Oregon Tests By-the-Mile Taxes for Roadways
|June 14, 2005||View for printing|
In 1919, Oregon enacted the nation's first gasoline tax. Now, it is testing another revolutionary strategy for raising revenue for the state's road projects. The Oregon Department of Transportation (ODOT) will soon employ high-tech equipment that will charge drivers for the miles they travel rather than the amount of gasoline they consume. This is the first in a number of steps Oregon is considering to replace the gas tax as the primary revenue source for Oregon roads.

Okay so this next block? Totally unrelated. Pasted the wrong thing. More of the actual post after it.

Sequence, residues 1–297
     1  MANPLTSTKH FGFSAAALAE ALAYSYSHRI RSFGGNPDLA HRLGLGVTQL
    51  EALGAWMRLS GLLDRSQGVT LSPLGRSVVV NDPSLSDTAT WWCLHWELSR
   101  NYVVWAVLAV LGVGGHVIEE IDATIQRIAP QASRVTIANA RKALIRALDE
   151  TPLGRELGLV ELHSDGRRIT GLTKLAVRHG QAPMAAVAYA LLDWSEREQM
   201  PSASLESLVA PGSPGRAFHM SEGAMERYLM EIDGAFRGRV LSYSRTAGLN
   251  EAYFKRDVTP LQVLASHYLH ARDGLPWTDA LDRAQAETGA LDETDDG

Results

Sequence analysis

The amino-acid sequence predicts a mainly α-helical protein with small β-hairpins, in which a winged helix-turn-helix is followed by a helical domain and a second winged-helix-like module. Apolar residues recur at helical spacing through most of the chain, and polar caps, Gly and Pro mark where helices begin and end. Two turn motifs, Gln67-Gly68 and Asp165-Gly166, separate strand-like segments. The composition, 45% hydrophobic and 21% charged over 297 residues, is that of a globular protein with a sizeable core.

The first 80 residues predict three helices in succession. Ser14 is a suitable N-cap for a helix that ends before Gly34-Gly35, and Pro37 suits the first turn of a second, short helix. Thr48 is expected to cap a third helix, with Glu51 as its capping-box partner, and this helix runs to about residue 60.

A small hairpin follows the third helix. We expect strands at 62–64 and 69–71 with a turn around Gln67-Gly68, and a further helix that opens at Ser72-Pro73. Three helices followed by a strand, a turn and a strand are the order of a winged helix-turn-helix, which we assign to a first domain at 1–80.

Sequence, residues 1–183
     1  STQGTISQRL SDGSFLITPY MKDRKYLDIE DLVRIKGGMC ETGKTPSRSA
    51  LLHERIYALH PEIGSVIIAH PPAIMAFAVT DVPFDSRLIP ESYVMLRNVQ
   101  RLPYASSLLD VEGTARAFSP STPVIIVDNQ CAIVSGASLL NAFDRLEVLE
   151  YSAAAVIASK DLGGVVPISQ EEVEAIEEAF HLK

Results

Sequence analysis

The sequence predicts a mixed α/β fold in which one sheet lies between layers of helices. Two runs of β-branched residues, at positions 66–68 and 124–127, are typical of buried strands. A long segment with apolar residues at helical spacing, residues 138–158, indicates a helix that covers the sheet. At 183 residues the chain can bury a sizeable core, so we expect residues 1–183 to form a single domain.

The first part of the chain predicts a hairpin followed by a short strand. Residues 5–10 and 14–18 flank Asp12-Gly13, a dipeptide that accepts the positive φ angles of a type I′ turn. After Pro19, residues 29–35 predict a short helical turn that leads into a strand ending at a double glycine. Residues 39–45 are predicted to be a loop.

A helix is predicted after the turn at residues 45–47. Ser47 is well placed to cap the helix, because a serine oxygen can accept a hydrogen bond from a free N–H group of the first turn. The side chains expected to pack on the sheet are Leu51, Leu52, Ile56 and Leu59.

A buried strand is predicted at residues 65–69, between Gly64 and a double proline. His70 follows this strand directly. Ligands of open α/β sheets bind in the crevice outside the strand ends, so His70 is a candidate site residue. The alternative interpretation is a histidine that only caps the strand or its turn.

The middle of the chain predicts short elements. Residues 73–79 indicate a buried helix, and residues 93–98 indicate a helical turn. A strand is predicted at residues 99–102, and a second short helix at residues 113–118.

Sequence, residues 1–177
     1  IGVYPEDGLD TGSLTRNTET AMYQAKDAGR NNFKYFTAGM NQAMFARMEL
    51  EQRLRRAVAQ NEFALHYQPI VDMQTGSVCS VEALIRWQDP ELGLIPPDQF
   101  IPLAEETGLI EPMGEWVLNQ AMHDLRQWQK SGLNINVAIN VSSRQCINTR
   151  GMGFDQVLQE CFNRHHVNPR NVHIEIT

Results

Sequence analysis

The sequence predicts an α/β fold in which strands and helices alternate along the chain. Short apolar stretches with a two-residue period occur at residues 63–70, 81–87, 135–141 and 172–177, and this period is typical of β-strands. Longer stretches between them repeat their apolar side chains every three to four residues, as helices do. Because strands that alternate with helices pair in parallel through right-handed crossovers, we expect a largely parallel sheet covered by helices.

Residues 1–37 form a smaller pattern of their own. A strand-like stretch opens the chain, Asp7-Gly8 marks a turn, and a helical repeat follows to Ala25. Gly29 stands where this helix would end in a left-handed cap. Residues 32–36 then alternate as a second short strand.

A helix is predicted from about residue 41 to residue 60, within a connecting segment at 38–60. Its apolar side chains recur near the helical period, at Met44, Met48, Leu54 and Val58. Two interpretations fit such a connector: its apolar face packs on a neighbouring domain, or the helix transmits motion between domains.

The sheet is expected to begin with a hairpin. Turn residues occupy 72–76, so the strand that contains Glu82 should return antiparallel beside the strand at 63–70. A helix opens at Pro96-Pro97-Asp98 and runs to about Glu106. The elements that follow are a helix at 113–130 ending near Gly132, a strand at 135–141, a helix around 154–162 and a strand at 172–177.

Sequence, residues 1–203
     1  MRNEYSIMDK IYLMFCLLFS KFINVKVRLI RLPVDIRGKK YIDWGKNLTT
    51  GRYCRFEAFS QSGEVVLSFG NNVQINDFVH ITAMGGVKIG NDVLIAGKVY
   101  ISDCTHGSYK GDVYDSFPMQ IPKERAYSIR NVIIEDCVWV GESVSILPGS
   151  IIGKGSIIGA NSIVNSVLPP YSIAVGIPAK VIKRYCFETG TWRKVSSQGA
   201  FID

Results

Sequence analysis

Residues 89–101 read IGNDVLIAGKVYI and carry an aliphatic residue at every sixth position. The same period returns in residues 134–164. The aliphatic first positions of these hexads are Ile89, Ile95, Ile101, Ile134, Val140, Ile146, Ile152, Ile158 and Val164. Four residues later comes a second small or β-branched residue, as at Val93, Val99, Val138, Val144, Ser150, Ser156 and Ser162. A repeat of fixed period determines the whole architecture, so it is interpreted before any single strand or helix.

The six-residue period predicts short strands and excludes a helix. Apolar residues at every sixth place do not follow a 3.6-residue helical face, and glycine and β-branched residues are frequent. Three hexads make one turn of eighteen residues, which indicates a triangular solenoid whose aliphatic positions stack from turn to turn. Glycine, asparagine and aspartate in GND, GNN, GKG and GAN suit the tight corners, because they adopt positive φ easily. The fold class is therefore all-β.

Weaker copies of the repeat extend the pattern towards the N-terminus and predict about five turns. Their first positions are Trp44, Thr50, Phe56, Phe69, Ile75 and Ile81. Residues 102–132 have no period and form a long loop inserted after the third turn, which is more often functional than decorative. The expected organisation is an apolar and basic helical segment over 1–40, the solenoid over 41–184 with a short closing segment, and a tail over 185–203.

Testing will start in September when 20 privately owned cars are outfitted with electronic odometers to record their mileage at gas stations. Specially equipped gas pumps will read the mileage and charge 1.2 cents for every mile driven instead of the state's tax of 24 cents per gallon of gas. The cars also will be equipped with Global Positioning Systems (GPS) so drivers are not charged for driving outside state borders-the tax is only meant to be applied when drivers use Oregon roads.
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